John Lewis (referee)

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John Lewis (30 March 1855 – 13 January 1926) was an English football player, administrator and referee. He was born at Market Drayton, Shropshire, but lived most of his life in Lancashire and was primarily associated with Blackburn Rovers F.C. He was a leading referee from the earliest days of organised football, and when well into his 60s officiated in the Gold medal match of the 1920 Olympic Games football tournament in Antwerp.

On 21 April 2008 it was announced that his grave at Blackburn Municipal Cemetery had been restored to its former glory, the costs having been met by Blackburn Rovers.[1]

Administrative work[edit]

Lewis, a strict teetotaller worked alongside Old Salopian Arthur Constantine in bringing about the formation of Blackburn Rovers F.C. in 1875, and actually played in the first side fielded by the club. He also contributed to the foundation of the Lancashire FA in 1878 [2] and later became a vice-president of the Football Association and the Football League.

Refereeing career[edit]

Lewis had established himself as a notable referee within the domestic game in England and earned the nickname 'Prince of Referees'. He was three times appointed the referee in the FA Cup Final (1895, 1897 and 1898).

He refereed the 1898 FA Cup Semi-finals between Southampton and Nottingham Forest; the first match ended in a 1–1 draw. The replay at Crystal Palace was played in a blizzard. After a scoreless first half (in which Joe Turner missed a penalty for Southampton), in the second half the Saints were on top when, with ten minutes left to play, referee Lewis stopped the match for a time and the players left the pitch. No sooner had the game restarted than the weather worsened but Lewis decided that the match should continue. Southampton's goalkeeper George Clawley had his eyes "choked with snow" and conceded two goals in the final minutes of the game. Despite Southampton's protests the F.A. decided that the result should stand - this was perhaps not surprising as Lewis was by then an eminent member of the F.A. board.[3]

He was given charge of the 1908 Olympic final at White City, London between Great Britain and Denmark which passed by without incident.

1920 Olympic Final[edit]

Lewis had already refereed the semi-final between the host nation Belgium and the Netherlands on the Thursday prior to the final on Saturday 2 September 1920.[4] That Lewis was appointed match referee may be seen to be surprising in hindsight, given his age, but the Belgian national newspaper L'Action Nationale wrote an editorial on 4 September 1920 which read: "M. Lewis refereed the game magnificently on Thursday and yet Czechoslovakia are now disqualified".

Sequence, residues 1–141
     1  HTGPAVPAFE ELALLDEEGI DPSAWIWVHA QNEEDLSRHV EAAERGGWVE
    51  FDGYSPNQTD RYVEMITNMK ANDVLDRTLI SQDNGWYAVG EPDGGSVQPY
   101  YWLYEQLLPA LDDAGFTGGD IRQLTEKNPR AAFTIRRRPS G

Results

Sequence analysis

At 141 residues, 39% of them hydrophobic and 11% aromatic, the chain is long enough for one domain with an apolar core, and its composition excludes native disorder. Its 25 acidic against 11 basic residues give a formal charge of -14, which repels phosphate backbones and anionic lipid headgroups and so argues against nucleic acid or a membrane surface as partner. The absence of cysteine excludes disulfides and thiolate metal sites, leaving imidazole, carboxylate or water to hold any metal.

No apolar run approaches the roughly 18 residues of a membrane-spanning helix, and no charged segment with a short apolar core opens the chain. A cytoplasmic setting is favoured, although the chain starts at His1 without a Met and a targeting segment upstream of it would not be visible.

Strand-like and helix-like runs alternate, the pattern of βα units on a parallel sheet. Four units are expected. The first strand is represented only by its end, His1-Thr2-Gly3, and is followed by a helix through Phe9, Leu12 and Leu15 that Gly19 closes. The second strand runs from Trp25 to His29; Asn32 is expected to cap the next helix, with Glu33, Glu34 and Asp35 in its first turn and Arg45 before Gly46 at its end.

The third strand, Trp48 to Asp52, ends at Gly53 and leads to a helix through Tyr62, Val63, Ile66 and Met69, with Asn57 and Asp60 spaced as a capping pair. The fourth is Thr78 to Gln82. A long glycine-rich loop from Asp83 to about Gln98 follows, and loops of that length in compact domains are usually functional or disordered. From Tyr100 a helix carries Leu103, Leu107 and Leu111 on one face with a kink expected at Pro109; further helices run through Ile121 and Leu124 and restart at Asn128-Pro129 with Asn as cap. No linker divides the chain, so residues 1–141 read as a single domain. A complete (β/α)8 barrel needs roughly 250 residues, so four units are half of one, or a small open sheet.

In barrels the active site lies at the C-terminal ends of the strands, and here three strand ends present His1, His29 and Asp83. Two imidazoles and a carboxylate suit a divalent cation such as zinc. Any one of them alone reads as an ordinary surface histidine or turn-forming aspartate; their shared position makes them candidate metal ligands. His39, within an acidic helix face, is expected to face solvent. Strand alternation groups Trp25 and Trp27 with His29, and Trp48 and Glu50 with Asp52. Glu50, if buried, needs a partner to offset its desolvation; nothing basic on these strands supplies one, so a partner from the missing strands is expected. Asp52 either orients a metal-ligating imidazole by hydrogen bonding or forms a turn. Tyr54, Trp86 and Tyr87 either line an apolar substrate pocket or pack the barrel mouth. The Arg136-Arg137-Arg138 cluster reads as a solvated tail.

As it transpired, the final was played in a poor spirit and, with Belgium leading 2–0 after 30 minutes, Karel Pešek, the Czechoslovakia and Sparta Prague captain, took his team-mates off the field of play after 43 minutes some time after Henri (Rik) Larnoe's 31st minute disputed goal was allowed to stand; the Czech defender Karel Steiner had been sent off for a bad foul. They did not return.[5] At the end of the game the crowd, led by Belgian soldiers, invaded the field.[6]

The Czech delegation made the following statement in regard to their protest: "2. The majority of the decisions of the referee Mr. Lewis were distorted and it was obvious that it gave the public the wrong impression in regard to our game. Also both Belgian goals were the result of incorrect decisions of the referee and we seek a rigorous investigation on that point." They also complained about the inclusion and performance of an English linesman (Charles Wreford-Brown) and the provocative influence of the troops lining the field.

Silver and bronze medals now came to be competed for in a consolation tournament, the Czech side having been disqualified. If they had not the consolation tournament – organised prior to the tournament – would have resulted only in a Bronze medallist.

See also[edit]

References[edit]

Notes

  1. ^ "Grave of Blackburn Rovers founder restored to former glory". www.lancashiretelegraph.co.uk. Retrieved 30 April 2008. 
  2. ^ "A Brief History". www.lancashirefa.com. Retrieved 7 December 2007. 
  3. ^ David Bull & Bob Brunskell (2000). Match of the Millennium. Hagiology. pp. 18–19. ISBN 0-9534474-1-3. 
  4. ^ "Olympic Games, 1920". www.sover.net. Retrieved 7 December 2007. 
  5. ^ "Antwerp, 1920". www.fifa.com. Retrieved 7 December 2007. 
  6. ^ "Photographs from the 1920 Olympic Games". www.olympic.org. Retrieved 7 December 2007.